Invoking the spirit of dense, lively neighbor-hoods such as London’s Soho, Universal CityWalk employs neon signs, a pedestrian scale and an open ambiance to encourage movement through shops and venues.
Fantastical façades and style-conjoining jumble are signature. Elitists may sneer, but the architect of Bellagio and Universal CityWalk understands the stirrings of the suburban soul.

Jon Jerde: “People really yearned to go back to the old way, to get communal again.”

IT WAS 1958, AND JON ADAMS JERDE was struggling just to get by. He was hashing food in a UCLA fraternity house in exchange for room and board, walking around in shoes with holes in them, and saving precious pennies to pay the university’s $50 quarterly tuition. He wanted desperately to be an architect, but his ever-practical father had frowned on the idea. (“Architects have long hair and wear capes,” the elder Jerde was fond of saying.) So Jon had compromised, taking courses in engineering and art and, when the summer came, helping build houses. In his spare time, he’d sketch.
One afternoon Jerde was on an errand in a building inspector’s office when a dignified-looking man, curious about the bundle of sketches tucked under the young worker’s arm, asked to have a look. He was visibly impressed. “Do you want to be an architect?” he asked.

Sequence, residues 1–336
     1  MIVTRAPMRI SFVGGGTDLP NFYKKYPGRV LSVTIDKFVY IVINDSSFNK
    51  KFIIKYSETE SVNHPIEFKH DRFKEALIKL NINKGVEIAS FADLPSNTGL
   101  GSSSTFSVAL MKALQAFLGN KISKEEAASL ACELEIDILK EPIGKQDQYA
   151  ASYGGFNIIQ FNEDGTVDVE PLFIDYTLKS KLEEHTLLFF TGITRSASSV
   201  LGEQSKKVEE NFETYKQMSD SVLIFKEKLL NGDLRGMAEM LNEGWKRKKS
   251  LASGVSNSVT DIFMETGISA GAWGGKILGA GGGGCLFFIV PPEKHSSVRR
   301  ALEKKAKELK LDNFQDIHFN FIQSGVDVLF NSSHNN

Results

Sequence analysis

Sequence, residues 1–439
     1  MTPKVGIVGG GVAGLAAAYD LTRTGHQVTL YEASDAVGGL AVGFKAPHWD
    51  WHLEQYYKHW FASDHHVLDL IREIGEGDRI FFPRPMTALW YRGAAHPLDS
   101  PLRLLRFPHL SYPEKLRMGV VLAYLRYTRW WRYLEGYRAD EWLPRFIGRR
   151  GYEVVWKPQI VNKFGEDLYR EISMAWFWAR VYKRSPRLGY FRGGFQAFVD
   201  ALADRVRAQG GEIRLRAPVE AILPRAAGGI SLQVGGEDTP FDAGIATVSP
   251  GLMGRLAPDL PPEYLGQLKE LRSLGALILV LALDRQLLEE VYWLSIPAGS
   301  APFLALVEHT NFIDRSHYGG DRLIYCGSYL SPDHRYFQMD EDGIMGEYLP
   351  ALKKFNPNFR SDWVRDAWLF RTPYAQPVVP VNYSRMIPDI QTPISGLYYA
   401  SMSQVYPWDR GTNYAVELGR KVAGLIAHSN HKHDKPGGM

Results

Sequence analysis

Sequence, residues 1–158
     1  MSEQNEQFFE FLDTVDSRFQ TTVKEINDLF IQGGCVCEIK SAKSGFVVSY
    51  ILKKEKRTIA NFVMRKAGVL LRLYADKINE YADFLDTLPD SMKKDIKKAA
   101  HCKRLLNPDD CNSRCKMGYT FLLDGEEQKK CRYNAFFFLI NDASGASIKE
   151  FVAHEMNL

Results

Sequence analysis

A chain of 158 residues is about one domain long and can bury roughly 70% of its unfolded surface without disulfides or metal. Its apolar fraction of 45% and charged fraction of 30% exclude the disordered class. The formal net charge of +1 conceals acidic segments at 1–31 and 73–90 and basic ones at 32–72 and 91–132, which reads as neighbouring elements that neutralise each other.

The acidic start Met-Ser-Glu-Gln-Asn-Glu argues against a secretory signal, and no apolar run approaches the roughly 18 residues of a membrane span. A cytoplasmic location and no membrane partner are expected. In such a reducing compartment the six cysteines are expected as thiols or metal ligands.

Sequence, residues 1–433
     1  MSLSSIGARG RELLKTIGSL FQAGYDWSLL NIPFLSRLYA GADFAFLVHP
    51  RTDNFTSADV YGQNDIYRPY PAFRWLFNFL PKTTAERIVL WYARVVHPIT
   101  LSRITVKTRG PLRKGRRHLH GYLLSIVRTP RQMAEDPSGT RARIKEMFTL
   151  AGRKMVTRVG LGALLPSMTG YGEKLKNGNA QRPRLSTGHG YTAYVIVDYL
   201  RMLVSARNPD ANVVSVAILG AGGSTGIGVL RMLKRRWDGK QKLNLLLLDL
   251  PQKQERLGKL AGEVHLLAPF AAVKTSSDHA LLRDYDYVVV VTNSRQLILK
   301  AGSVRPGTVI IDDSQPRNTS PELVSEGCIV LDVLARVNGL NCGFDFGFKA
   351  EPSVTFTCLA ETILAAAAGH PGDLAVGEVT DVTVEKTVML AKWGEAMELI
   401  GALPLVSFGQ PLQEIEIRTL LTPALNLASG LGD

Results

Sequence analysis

“Absolutely,” Jerde replied.
“What are you doing?”
“I’m going to UCLA.”
“You can’t study architecture at UCLA,” the man said. “There’s no program there. You have to go to USC.”
Jerde knew it, but there was no way he could afford the tuition. Sheepishly, he admitted as much.
“Baloney,” the man shot back, and he reached for a business card. “See me in my office Monday.”
Jerde stared at the card. It read: “Arthur Gallion. Dean. USC School of Architecture.” By Tuesday, thanks to an orchestration of loans and other financial aid, Jon Jerde was enrolled at USC.
Forty-three years later, his sketches have come to life as some of the most innovative – and controversial – public spaces around the world. In mass-culture meccas like Universal CityWalk in Los Angeles and the Bellagio hotel-casino in Las Vegas, Je

In designing Rotterdam’s Beursplein Promenade, Jerde consciously juxtaposed old and new, blending stone walls and portals with metal and glass.